Mr. FORD. At the time, Mr. Kelley, were these reports considered by the Secret Service to be secret documents?
Inspector KELLEY. They were so classified, yes.
Mr. FORD. Sir?
Inspector KELLEY. They were classified as secret.
Mr. FORD. Is that a rationale for not giving them to the Warren Commission?
Inspector KELLEY. No. We gave other secret documents to the Warren Commission. That wasn't the rationale why they were not given. As a matter of fact, I don't have it before me, but I think the memorandum we also gave to the Warren Commission was classified.
Mr. FORD. You know earlier, it might have been when Mr. Matthews was talking with you, you mentioned that you were to supply them with relevant and pertinent reports.
Did you consider the investigation of this plot a concern of the work of the Warren Commission?
Inspector KELLEY. Not really. In hindsight and with what happened during the Warren Commission recommendation there, in my opinion this investigation that was conducted in Miami had no relationship to the Oswald assassination. It was, however, one of the things that the Warren Commission was reviewing, Oswald's connection with pro-Castro groups, and I just feel that this information was available to the Warren Commission; that so much of it came from other agencies that they probably had the same information from the Bureau and the CIA in connection with it. It may very well have been that some of the staff people in the Warren Commission came and reviewed these reports that we had since they had a referenced file number, knowing that we had information on these plots. But our records do not show that we transmitted these to the Warren Commission.
Mr. FORD. But you are saying that you reported to them a file number; is that correct?
Inspector KELLEY. Yes.
Mr. FORD. Would there have been anything in the reports you provided to the Warren Commission which would have given them a clue as to what information the number might have referred to as a file number?
Inspector KELLEY. Yes, I think the memorandum we sent to them, Memorandum 206 that we sent to them, would have supplied that information.
Mr. FORD. It would have?
Inspector KELLEY. It would have.
Mr. FORD. The FPCC, Mr. Kelley, or the Fair Play for Cuba Committee, is mentioned in the reports, and a member of that organization is alleged to be a part of the plot to kill the President.
Would there have been anything in the files and reports you provided the commission to indicate the presence of this group in that investigation?
Inspector KELLEY. Not in the report, not in the particular two-page report we sent to them in connection with this case. That report dealt mostly with Machado.
Mr. FORD. The two-page report?
Inspector KELLEY. I referred that we did send to the commission in this area.
Mr. FORD. And the Warren Commission had the two-page report? Inspector KELLEY. Yes.
Mr. FORD. Let me ask you this: Were you aware at the time that LeeHarvey Oswald had been a member of the same organization in the New Orleans area, the pro--anti-Castro-----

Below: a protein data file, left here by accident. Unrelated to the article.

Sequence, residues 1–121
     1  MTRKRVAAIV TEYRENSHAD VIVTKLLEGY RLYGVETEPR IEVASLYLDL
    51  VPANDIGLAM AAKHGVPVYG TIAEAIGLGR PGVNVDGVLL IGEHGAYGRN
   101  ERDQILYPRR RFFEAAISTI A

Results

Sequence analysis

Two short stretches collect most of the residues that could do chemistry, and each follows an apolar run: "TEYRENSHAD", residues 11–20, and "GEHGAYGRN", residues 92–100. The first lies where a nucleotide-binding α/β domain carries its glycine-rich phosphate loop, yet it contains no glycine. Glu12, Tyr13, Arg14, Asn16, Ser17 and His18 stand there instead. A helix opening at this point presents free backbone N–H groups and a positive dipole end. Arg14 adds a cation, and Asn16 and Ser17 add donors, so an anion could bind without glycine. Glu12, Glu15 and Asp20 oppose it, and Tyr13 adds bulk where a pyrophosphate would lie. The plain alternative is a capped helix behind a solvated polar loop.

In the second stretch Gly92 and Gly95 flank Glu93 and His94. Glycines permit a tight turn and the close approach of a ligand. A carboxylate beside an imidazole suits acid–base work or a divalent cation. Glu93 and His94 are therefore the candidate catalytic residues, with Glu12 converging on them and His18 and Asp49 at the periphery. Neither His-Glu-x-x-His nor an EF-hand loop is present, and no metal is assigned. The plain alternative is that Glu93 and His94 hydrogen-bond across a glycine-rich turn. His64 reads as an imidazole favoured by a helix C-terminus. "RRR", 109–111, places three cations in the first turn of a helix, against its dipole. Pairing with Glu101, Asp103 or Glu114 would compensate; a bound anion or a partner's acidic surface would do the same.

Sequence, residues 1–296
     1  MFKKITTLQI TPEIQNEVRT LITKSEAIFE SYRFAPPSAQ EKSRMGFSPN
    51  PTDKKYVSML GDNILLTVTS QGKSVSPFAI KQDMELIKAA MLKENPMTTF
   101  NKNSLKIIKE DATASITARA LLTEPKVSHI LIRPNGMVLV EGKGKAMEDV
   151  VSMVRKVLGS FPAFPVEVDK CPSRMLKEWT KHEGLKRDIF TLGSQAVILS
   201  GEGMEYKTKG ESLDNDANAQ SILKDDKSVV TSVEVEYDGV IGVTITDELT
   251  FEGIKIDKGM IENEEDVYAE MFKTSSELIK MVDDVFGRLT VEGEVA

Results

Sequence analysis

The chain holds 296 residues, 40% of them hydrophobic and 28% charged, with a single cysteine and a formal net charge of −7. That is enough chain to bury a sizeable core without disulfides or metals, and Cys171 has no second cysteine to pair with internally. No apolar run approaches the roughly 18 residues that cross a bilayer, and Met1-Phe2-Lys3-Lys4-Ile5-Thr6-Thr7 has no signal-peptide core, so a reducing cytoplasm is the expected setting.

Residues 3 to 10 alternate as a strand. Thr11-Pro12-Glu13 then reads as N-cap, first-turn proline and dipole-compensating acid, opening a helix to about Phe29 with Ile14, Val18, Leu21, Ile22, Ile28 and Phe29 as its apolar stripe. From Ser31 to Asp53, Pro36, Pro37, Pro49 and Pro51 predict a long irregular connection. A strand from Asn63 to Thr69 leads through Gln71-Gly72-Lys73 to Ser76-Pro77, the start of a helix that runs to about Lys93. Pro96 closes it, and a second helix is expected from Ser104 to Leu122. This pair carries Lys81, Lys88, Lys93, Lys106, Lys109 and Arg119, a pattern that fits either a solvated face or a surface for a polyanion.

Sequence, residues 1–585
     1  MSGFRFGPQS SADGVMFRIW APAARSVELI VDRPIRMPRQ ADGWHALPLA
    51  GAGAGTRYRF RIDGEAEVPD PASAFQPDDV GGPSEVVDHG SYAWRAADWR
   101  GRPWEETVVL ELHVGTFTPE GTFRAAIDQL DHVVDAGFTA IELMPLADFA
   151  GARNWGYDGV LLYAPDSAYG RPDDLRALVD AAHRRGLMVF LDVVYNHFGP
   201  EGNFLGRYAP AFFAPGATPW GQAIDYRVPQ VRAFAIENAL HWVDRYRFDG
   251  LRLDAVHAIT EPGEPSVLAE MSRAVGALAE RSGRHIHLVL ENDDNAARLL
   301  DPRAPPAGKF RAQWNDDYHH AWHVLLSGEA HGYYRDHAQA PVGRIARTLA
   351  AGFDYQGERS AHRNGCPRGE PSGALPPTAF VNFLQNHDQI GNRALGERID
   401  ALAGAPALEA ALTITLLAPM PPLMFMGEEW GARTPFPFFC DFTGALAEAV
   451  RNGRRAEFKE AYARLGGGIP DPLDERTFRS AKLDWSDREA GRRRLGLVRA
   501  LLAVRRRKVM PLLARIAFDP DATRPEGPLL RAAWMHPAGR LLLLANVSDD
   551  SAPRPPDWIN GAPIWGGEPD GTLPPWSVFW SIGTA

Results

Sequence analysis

Inspector KELLEY. Subsequent to the assassination?
Mr. FORD. Yes.
Inspector KELLEY. Yes, we learned of that subsequent to the assassination. We didn't have anything on Lee Harvey Oswald prior to the assassination.
Mr. FORD. Mr. Chairman, I have no further questions.
Chairman STOKES. The time of the gentleman has expired.
Mr. Kelley, earlier today counsel for the committee Matthewsasked you about the conduct of the Secret Service prior to the assassination. Relative to that, he asked you whether they had broken any rules or regulations of the Secret Service, and your answer was that they had not.
Knowing, however, of their conduct on the previous evening, was it ever evaluated in terms of performance?
Inspector KELLEY. We would have preferred that they had stayed away from the places they were at. We would have preferred they had gone to bed earlier. But in the whole review of what had happened, there was no indication that that activity the night before had any effect on their performance the next day or that it had any effect on the assassination that happened.
Chairman STOKES. Well, have you ever had a chance to review the Zapruder film?
Inspector KELLEY. The Zapruder film? Yes, sir.
Chairman STOKES. And referring back to the question posed to you by Congressman Ford with reference to reaction time, did you study the film from the viewpoint of whether the reaction time the of agents was in accordance with what you felt would be top performance?
Inspector KELLEY. Yes, Mr. Chairman, and it was reviewed, we reviewed it very thoroughly with the agents who were involved. The motorcade was moving. You can recall in the Zapruder film the very great difficulty Clint Hill had in even reaching the car to assist Mrs. Kennedy, and the agents were just not able to get up to that car in time.
Chairman STOKES. When you review the film, you can clearly see the reaction that Governor Connally had, with reference to the first shot.
What reaction do you see in terms of the Secret Service agents?
Inspector KELLEY. Well, in the film, of course, there is no apparent action that is being taken by Mr. Kellerman, who is in the front seat. The driver at that time apparently was unaware of anything that happened, apparently through the concentration of his responsibility of driving the car, and there is no apparent reaction on the part of the agents.